Long-Term Effects of Ambient PM2.5 on Hypertension and Blood Pressure and Attributable Risk Among Older Chinese Adults

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Abstract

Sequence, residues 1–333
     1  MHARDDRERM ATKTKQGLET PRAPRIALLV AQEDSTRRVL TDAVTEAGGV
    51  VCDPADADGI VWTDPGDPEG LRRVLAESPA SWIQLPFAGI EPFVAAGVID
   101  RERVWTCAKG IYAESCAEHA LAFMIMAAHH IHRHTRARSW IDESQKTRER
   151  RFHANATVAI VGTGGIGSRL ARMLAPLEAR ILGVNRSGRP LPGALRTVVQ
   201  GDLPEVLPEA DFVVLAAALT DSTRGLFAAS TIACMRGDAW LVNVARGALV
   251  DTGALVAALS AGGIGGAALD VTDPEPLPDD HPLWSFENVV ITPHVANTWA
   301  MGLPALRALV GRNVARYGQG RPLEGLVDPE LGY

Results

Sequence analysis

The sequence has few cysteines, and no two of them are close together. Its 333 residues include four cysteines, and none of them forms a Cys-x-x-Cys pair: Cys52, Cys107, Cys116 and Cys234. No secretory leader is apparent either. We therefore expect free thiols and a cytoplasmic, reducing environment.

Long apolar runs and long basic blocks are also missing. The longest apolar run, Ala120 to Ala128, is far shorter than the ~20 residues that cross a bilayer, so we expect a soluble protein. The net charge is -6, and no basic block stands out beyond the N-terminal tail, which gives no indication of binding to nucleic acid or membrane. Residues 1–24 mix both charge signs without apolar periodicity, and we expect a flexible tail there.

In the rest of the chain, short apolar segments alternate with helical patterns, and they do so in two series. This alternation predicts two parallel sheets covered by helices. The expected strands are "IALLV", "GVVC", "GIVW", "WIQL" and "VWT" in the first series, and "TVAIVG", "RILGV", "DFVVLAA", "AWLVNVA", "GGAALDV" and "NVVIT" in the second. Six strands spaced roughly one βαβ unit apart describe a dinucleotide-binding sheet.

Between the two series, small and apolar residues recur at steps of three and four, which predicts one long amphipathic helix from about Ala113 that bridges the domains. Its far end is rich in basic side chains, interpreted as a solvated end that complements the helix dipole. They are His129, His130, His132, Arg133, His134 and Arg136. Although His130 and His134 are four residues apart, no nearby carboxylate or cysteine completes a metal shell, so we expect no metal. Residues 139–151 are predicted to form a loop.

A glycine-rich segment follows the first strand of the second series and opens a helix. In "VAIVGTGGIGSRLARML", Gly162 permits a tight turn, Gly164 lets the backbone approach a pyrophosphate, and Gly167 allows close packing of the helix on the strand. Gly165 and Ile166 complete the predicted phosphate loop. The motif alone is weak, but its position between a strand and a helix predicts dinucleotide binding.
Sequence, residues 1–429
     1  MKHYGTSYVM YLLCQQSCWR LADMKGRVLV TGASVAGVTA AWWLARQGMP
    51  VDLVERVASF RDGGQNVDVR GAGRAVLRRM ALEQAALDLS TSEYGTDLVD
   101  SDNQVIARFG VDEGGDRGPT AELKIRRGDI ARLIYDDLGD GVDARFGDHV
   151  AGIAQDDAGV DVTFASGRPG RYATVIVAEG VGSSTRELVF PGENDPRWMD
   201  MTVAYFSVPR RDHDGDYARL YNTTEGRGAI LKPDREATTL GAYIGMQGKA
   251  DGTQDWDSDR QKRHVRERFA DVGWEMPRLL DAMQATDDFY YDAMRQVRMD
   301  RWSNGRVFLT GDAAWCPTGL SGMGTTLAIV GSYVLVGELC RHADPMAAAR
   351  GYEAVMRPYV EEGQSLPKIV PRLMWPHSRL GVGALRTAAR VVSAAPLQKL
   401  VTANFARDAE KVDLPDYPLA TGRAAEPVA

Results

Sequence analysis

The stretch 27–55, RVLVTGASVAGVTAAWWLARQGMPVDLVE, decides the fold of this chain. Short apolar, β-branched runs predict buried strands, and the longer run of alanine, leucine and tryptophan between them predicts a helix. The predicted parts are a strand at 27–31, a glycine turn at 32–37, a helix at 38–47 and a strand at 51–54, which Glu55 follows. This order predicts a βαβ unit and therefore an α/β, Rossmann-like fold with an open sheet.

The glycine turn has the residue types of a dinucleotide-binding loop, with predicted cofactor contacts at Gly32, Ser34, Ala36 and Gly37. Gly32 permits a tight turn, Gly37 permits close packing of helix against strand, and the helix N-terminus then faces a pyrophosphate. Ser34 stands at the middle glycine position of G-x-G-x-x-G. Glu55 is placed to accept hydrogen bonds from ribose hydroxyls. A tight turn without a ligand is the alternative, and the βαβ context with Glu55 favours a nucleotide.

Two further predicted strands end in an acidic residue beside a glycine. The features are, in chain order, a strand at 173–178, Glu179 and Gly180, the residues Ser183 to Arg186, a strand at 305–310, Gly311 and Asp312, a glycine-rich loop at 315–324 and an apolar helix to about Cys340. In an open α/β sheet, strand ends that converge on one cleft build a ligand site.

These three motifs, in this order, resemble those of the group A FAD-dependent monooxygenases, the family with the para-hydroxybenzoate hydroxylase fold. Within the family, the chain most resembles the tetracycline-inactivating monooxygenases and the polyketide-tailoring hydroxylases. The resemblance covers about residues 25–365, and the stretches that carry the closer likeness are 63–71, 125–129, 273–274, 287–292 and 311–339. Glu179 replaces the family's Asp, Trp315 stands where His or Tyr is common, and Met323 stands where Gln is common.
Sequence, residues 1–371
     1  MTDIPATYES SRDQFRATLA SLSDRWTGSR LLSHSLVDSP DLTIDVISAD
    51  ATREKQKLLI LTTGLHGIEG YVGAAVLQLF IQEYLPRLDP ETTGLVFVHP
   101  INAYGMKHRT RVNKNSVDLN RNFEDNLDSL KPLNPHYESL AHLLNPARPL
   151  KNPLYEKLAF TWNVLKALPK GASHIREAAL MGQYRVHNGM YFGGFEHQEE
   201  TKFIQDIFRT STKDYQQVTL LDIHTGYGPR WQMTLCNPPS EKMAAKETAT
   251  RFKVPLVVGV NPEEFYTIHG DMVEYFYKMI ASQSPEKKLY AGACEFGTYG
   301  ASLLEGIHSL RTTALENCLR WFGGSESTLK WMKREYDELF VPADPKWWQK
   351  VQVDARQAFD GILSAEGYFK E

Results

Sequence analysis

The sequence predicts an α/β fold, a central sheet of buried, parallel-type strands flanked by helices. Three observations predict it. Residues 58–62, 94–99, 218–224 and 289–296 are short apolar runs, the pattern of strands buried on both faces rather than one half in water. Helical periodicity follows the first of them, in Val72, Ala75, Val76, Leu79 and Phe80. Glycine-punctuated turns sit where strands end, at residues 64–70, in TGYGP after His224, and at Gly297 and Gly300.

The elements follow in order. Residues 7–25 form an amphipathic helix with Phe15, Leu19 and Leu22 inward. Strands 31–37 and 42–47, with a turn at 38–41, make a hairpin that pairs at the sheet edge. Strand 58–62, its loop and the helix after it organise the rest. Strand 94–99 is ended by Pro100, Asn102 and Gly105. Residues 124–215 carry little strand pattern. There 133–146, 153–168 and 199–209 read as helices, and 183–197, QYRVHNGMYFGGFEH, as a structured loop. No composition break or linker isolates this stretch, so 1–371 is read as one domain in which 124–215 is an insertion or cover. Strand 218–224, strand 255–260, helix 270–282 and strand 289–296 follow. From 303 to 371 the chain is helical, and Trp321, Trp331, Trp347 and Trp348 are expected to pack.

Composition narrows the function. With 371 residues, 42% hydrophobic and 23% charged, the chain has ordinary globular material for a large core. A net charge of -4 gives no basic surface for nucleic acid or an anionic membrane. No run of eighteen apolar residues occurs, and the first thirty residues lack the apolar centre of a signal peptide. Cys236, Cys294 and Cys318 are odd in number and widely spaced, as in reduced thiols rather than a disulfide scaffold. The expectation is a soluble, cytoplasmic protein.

Long-term exposure to ambient fine particulate pollution (PM2.5) has been associated with cardiovascular diseases. Hypertension, a major risk factor for cardiovascular diseases, has also been hypothesized to be linked to PM2.5. However, epidemiological evidence has been mixed. We examined long-term association between ambient PM2.5 and hypertension and blood pressure. We interviewed 12 665 participants aged 50 years and older and measured their blood pressures. Annual average PM2.5 concentrations were estimated for each community using satellite data. We applied 2-level logistic regression models to examine the associations and estimated hypertension burden attributable to ambient PM2.5. For each 10 μg/m3 increase in ambient PM2.5, the adjusted odds ratio of hypertension was 1.14 (95% confidence interval, 1.07–1.22). Stratified analyses found that overweight and obesity could enhance the association, and consumption of fruit was associated with lower risk. We further estimated that 11.75% (95% confidence interval, 5.82%–18.53%) of the hypertension cases (corresponding to 914, 95% confidence interval, 453–1442 cases) could be attributable to ambient PM2.5 in the study population. Findings suggest that long-term exposure to ambient PM2.5 might be an important risk factor of hypertension and is responsible for significant hypertension burden in adults in China. A higher consumption of fruit may mitigate, whereas overweight and obesity could enhance this effect.

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